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A New Way Of Teaching The Holocaust in Holland? Stepping Inside.

Open Jewish Houses, a project of the Jewish Historical Museum in Amsterdam and the brainchild of Denise Citroen, was founded as a pop-up project in Amsterdam neighborhoods in 2012. The goal: bring Dutch visitors into houses once inhabited by Jews before the Second World War, with an eye toward personalizing the stories and making them relevant to audiences of widely varying backgrounds and ages. Today, with over 250 meetings across the Netherlands in more than a dozen cities, and similar projects being started elsewhere in Europe, the project has evolved into a unique form of active remembrance, creating connections and reviving an awareness of Jewish life.

One day in the late 1990s, Denise Citroen answered a knock at the door to find an Israeli family on the steps of her Amsterdam home. The house, the Israelis explained, had been designed and built in 1930 by a Jewish architect – their father – before the family left the Netherlands for Mandatory Palestine shortly after the Second World War. Would she, they wondered, be willing to let them have a look inside?

Citroen was “overwhelmed with joy” at the request. As she explains over coffee when we meet in the Plantagebuurt neighborhood, in the former heart of Jewish Amsterdam, that chance encounter formed the basis for the project that would become Open Joodse Huizen (Open Jewish Houses). Following the Israelis’ visit, Citroen wondered how many other houses in Amsterdam contained such still-untold stories. Soon after, she began a pilot program in her neighborhood, asking if residents would be willing to research and recount the stories of the previous Jewish inhabitants of their homes for the neighborhood magazine. The success of the local initiative – 13 houses shared their tales in the series – inspired Citroen to view the ‘house stories’ as more than local interest pieces. Instead, she saw their potential as an innovative way of facilitating public interaction with the complex story of Dutch Jewry.

As Citroen explains, Amsterdam alone has over 20,000 homes that housed Jews at the start of the Second World War. Most were subsequently vacated as Jews either went into hiding or were deported. Those few who returned – the Netherlands had among the lowest survival rates in Western Europe – found their homes taken over by non-Jews who had purchased the ‘vacant’ homes in legal arrangements facilitated by the German occupying authority and local councils.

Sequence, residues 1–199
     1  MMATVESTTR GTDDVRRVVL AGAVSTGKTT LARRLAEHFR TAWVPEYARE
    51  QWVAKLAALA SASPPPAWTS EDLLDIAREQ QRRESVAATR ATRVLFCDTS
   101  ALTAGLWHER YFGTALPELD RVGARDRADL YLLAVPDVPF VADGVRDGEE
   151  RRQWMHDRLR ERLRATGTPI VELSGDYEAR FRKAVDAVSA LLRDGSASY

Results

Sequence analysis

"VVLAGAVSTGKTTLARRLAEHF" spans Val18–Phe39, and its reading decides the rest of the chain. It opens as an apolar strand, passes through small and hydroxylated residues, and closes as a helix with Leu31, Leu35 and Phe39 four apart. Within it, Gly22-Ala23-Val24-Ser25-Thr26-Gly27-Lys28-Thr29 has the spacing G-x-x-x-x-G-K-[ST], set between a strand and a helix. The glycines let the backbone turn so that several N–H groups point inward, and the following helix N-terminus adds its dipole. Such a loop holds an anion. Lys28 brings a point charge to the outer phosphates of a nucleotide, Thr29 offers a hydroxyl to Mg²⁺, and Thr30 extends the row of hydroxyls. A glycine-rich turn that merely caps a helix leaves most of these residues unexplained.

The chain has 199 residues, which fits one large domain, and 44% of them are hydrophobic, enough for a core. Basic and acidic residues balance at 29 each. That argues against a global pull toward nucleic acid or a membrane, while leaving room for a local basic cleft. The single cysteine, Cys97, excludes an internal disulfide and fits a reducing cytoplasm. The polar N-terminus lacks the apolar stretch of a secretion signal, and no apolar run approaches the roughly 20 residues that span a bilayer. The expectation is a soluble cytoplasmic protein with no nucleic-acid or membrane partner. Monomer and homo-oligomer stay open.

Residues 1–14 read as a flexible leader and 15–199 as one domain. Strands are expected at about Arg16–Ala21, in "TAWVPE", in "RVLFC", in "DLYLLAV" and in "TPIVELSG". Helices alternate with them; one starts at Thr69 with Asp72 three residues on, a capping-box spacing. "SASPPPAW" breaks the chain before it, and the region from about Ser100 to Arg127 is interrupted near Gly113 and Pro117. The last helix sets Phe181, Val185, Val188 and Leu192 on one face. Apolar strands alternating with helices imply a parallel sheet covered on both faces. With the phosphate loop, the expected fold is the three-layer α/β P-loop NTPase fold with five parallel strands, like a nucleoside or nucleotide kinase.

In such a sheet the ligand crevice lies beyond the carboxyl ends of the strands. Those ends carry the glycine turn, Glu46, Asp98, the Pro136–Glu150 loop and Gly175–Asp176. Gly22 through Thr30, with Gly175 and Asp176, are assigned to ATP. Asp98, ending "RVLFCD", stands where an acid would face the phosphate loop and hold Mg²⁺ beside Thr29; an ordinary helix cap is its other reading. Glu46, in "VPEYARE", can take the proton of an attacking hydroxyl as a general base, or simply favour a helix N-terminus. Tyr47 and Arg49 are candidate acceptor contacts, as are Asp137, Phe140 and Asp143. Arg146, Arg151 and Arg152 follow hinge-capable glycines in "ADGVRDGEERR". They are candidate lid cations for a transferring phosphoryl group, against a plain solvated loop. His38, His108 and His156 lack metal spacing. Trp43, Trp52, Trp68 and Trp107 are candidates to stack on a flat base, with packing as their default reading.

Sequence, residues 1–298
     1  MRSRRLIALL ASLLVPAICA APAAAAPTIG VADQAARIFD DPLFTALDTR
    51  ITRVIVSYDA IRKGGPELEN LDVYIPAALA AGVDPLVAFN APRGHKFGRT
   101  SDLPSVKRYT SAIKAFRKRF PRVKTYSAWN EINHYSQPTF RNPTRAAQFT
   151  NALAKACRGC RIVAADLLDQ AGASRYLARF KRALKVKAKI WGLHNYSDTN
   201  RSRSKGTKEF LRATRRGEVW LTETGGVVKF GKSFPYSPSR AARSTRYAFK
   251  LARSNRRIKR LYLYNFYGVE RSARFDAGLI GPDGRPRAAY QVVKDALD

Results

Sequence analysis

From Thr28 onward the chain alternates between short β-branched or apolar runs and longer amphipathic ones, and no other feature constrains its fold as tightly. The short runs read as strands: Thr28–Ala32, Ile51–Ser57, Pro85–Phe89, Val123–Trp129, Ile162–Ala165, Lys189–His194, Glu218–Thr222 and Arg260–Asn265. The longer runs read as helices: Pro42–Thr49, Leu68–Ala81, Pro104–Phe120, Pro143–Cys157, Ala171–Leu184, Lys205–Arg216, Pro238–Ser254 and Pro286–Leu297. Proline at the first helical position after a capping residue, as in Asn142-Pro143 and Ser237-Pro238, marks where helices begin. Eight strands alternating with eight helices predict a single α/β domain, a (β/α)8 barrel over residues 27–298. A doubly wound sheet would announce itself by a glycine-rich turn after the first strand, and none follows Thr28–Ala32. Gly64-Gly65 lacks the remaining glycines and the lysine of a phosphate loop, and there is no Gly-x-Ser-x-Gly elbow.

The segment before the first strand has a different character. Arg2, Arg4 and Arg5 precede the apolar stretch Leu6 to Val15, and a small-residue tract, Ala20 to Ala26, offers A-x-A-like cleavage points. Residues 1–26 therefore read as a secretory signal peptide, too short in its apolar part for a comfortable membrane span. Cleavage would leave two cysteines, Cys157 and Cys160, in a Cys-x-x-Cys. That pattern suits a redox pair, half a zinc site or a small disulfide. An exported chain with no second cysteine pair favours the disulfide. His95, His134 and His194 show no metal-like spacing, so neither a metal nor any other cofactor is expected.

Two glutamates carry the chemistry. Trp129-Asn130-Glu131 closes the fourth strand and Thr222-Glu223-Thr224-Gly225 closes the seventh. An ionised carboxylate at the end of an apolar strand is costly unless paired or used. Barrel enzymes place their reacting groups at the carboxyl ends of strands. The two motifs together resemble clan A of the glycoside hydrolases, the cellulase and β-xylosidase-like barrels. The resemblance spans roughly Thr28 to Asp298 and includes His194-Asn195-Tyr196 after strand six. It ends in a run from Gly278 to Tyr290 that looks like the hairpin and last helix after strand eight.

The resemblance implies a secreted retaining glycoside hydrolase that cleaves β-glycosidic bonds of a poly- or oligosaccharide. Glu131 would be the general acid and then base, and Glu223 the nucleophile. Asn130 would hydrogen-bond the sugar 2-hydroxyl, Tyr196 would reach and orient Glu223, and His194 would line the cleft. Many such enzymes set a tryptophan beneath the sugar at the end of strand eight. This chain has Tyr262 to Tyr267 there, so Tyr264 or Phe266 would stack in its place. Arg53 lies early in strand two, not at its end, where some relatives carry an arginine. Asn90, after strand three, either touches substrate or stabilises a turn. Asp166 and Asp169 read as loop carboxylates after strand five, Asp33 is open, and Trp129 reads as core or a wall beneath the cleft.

Working with the city’s Jewish Historical Museum, Citroen developed the idea for a broader program that would offer residents of houses formerly inhabited by Jews the chance to research the history of the building and its former occupants, and then invite the public into their homes. Unlike existing research projects, the initiative – given the name Open Jewish Houses – is designed to make the stories of former inhabitants personal and relevant by combining them with the historical research and lives of current residents. In 2012, the project’s first year, twenty three homes opened their doors.

In the six years since, Open Jewish Houses has provided an opportunity for exploration of both the past and present stories of thousands of these homes in the form of small, local gatherings, timing the events to correspond with the annual May national day of remembrance in the Netherlands. Residents, neighbors, or family members take twenty minutes to explain the history of the home, its former inhabitants, and their connection to them. Another twenty minutes are then set aside for open question-and-answer with the audience, allowing attendees and hosts alike to offer memories of former inhabitants, share experiences, and participate in a collective act of remembering.